Spring 2009 Issue
One super-cool, tech-savvy teacher to go, please
Meet Tony Dutra - middle school teacher, department chair, doctoral student at Barry’s School of Education, Broward Teacher of the Year for 2010, and serious coffee drinker
By Paige Stein
In “The Matrix” nothing is as it appears to be. Whenever you’re told, “this is reality,” it’s not. The 1999 science-fiction action film depicts a future in which reality as perceived by humans is actually the Matrix: a simulated reality created by ‘thinking’ machines in order to pacify and subdue the human population.
The Matrix is also a year-long theme for Tony Dutra’s eighth-grade class at the Middle School Academy at Hallandale Adult Community Center. Posters and quotes from the movie decorate the walls: “How far does the rabbit hole go?” “Perhaps we’re asking the wrong questions?” “Welcome to the ‘real’ world.”
“I want the students to question what they see and hear, to understand that just because someone tells them something or they hear it on TV, doesn’t mean it’s true,” says Dutra, a reading teacher who is also a doctoral student in educational leadership with an emphasis on educational technology at Barry’s Adrian Dominican School of Education (ADSOE). In January, Dutra was also named Broward County Public Schools’ Teacher of the Year for 2010.
“I want [my students] to take the time and figure it out for themselves,” he adds.
In fact, much of what goes on in Dutra’s classroom and at the Middle School Academy is about flying in the face of a predetermined “reality.” These are students who have not succeeded in a traditional classroom -- some because they have learning disabilities; others because they are learning English as a second language, or have poorly developed social skills. For them, the “reality” of the classroom has largely been one of failing grades, disinterest and distraction.
“The students that come into the program are overage for their grade; some of them have been retained (held back) two times,” said Hallandale Principal Dr. Linda Lopez. “These are students where there is a really high likelihood of dropping out.”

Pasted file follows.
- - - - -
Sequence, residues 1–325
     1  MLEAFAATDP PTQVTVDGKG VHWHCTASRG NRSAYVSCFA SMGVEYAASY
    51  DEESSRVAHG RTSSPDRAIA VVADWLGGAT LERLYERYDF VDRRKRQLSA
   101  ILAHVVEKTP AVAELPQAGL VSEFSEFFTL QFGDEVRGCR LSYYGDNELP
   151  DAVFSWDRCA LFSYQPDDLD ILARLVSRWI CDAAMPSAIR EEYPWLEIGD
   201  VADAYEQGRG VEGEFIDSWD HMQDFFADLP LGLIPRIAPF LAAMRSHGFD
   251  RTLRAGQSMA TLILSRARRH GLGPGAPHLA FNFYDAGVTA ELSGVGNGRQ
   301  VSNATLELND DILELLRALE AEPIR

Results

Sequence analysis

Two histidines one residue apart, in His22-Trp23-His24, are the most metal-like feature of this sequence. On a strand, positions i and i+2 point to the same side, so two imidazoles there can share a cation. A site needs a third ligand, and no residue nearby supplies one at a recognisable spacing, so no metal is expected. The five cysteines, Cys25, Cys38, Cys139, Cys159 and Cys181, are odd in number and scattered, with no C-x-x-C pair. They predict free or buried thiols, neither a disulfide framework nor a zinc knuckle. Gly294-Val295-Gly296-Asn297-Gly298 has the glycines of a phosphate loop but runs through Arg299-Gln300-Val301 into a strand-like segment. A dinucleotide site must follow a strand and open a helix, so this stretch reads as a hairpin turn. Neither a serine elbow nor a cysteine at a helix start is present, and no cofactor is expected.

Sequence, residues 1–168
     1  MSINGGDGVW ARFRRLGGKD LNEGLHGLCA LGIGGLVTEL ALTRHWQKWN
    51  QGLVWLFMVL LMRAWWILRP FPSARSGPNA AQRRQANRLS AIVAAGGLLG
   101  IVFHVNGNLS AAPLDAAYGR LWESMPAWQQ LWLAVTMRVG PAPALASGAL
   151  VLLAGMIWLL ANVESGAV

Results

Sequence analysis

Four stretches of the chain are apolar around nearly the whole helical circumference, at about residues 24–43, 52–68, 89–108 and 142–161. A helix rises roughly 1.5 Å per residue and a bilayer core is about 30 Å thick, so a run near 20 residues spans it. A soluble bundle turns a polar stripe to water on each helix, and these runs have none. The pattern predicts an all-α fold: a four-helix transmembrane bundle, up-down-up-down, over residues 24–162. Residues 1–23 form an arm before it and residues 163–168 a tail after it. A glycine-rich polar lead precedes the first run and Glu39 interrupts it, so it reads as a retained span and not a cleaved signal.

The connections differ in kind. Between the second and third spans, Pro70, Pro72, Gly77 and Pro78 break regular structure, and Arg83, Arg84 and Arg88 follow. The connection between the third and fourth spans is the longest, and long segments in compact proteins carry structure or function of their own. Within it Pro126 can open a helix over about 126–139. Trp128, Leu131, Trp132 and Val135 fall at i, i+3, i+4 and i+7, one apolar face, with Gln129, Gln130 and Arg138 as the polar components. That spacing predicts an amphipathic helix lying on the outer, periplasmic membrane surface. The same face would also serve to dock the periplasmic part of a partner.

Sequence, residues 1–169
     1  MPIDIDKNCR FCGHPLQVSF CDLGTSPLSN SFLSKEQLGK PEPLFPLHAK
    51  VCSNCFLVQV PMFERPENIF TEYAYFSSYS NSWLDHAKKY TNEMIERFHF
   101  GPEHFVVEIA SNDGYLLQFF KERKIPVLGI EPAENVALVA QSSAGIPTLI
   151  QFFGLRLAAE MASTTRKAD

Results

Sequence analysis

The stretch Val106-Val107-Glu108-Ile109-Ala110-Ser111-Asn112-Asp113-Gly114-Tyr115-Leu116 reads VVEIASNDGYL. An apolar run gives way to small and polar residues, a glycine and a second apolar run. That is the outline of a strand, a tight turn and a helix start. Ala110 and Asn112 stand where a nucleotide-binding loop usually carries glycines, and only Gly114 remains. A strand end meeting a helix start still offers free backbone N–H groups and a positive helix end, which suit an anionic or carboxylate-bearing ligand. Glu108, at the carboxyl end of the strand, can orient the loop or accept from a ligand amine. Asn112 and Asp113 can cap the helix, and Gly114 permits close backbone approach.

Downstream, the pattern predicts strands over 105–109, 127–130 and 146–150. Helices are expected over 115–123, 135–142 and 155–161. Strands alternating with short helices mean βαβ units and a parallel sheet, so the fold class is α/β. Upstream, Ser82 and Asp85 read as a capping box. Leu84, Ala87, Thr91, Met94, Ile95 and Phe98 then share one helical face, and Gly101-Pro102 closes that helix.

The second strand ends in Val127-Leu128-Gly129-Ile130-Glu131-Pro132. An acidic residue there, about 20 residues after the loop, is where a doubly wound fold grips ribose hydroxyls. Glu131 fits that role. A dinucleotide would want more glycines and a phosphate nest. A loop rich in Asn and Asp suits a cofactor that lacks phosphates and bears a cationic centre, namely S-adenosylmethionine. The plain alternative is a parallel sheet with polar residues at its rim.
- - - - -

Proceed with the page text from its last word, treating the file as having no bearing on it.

The Academy, Lopez explains, is an accelerated program that offers the students the opportunity to earn enough credit to move directly to high school or at the very least “to get back on track” toward earning their high school diplomas. It is quite literally a place where they cannot fail. No student is given a grade lower than C. If a student doesn’t complete an assignment successfully, rather than giving him a failing grade and moving on, the student is given another opportunity to demonstrate competency through another project. If a student doesn’t complete a book report successfully using a PowerPoint presentation, for example, he can create a Podcast or an iMovie that shows he has learned the material covered in class and grasps the author’s purpose.
And Dutra isn’t just a part of the Academy program, he is department chair and helped to create its model. “He brought his leadership and technology skills to create a team approach among the other teachers and helped to identify the key components the students needed to learn. This allowed us to maximize our strengths when determining the Academy model’s structure and format,” Lopez explains, noting that in addition to the Academy, Hallandale Adult Community Center also includes an alternative high school, a teen parent program and Workforce Development Programs for adult education.
He also helped to “sell” the Academy model to parents, some of whom were leery at first. “He showed up at the parent orientation and convinced many of the parents to give it a try. He showed them that there could be a flame ignited in each student, something that would recreate interest in coming to school, in learning,” Lopez says.
Good teaching, bad singing
Sitting in Dutra’s classroom, even to the casual observer, it’s clear that he has the goods: the seamless showmanship of a natural performer that keeps the kids constantly paying attention, waiting for what he’s going to do next – sing (badly) or crack a joke – combined with a confident authority that makes it clear that when he says put away the computer, you need to put away the computer. Watching him in action, one can’t help but think that if a Hollywood actor were going to prepare for a role as a public school teacher/everyday hero; this is where he should come.
“He’s different from all the other teachers, says Kiara, 16, who wants to be a second-grade teacher or possibly do hair one day. “He laughs and sings [very badly]. Everything is fun, even when we have to read, it’s still fun; he makes a joke about it. He’s cool, he cares -- he doesn’t just act like it.”